Just a word… Second Sunday in Lent…
Just a word… Second Sunday of Lent… February 28, 2021
Who wouldn’t want to rush by that troublesome first reading and move right onto the top of the mountain with Peter, James and John? To see the light and beauty of God, to say how good it is that we are here? Wouldn’t we all want to be in the place where Jesus’ question “Who do you say that I am?” is answered in such spectacular fashion, with Moses, the giver of the Law, and Elijah, the prophet extraordinaire, in attendance? Who wouldn’t want to put up tents and make the moment last? Such a human inclination, to try to prolong a time of glory, of excitement, of joy. But as we humans who have reached a certain age finally realize, moments such as these are transitory, even when they are transcendent.
But that troublesome first reading, with God asking the impossible of Abraham, rears its head and we are left tripping over it on the way to the mountaintop where we long to be. Scholars have long wrestled with the God of this story of Isaac’s potential demise… how do we relate to a God who seems as unpredictable and dangerous as February weather? Remember that Isaac was born to Abraham and Sarah in their later years as a miracle child. How could God now ask Abraham to harm him?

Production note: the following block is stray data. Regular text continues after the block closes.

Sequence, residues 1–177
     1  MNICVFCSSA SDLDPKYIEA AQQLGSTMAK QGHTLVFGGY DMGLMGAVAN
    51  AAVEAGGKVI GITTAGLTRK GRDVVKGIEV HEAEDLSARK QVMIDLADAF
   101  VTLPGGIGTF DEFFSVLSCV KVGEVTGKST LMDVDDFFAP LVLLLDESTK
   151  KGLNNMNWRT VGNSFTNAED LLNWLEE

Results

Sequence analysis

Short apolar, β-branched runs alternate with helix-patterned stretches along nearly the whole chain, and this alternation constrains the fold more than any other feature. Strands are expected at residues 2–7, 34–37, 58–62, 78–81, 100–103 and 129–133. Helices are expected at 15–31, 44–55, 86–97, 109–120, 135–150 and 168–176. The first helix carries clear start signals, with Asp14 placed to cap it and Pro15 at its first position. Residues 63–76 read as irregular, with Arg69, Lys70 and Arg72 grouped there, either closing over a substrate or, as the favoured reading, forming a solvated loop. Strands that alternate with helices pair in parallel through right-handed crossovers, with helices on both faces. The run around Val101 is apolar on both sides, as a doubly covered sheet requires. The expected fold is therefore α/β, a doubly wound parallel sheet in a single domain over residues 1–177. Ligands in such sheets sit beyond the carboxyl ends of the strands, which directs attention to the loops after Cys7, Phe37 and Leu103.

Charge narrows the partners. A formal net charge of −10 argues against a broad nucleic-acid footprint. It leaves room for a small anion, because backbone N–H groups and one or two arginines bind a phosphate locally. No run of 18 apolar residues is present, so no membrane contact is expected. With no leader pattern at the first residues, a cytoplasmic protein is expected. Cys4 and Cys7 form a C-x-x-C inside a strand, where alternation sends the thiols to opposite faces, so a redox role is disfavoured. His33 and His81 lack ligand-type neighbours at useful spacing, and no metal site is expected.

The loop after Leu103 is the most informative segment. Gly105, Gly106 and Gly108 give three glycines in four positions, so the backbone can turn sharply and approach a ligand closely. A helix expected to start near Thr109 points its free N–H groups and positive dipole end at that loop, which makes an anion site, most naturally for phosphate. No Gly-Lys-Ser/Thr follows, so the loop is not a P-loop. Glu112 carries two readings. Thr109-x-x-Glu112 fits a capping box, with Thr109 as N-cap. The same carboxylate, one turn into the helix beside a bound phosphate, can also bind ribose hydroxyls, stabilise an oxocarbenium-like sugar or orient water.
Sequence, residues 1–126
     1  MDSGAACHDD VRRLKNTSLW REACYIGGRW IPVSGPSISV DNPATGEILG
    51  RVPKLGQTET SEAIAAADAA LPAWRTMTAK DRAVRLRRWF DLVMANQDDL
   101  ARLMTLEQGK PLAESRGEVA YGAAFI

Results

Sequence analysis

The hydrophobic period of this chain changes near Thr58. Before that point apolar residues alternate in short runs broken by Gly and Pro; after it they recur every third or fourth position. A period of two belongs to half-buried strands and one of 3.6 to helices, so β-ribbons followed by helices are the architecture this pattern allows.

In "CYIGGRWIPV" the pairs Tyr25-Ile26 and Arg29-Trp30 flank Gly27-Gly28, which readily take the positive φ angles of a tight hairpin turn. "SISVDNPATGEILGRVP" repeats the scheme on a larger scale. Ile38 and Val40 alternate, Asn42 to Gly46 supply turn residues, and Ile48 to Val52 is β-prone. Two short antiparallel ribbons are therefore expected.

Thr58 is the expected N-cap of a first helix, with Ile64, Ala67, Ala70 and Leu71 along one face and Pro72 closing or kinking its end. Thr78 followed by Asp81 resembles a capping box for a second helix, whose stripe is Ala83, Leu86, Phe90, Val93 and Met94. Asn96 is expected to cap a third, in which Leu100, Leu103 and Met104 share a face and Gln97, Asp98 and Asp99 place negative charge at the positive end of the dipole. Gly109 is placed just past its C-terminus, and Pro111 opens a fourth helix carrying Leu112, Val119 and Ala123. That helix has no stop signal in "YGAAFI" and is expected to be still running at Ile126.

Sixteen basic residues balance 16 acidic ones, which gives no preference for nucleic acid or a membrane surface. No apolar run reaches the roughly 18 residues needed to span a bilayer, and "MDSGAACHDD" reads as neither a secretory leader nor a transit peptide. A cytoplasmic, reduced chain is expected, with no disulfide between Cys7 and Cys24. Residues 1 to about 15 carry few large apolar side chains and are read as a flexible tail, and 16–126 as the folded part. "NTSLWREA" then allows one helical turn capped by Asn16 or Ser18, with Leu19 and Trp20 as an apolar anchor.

Perhaps this scripture passage is more complex than it might seem at first glance.
Considered from a certain perspective, we might see why the church places these two readings together. It is worth noting that in the beginning of this story from Genesis, the Hebrew word used for God is Elohim, which can refer to any of the ancient Semitic gods. This concept of the divine evoked images of a vengeful deity, one who was absolute and even tyrannical, whose anger demanded appeasement, one who dismissed love in favor of obedience. The God who intervened in the sacrificial rite is named Lord, the one God, the covenantal Yahweh who is love and values love above all else. It is the Lord who tells Abraham not to lay a hand on Isaac, but to sacrifice a ram instead. View- ing the encounter in this light, one might call it a story of the transformation of Abraham’s understanding of who God is and here is where we can find resonance with the gospel.
What happens after these transitory encounters with the Living God? We know that Abraham goes on to become our father in faith, and the disciples descend the mountain to go forward as the apostles who will preach the kingdom of God. What about us? We, too, have encounters with the Living God, if we can develop the eyes and ears to perceive them. Perhaps ours are not as dramatic as those in the scriptures, but they are real, and they beg the question… how will we be transformed once we recognize that transfiguration is in our future, too?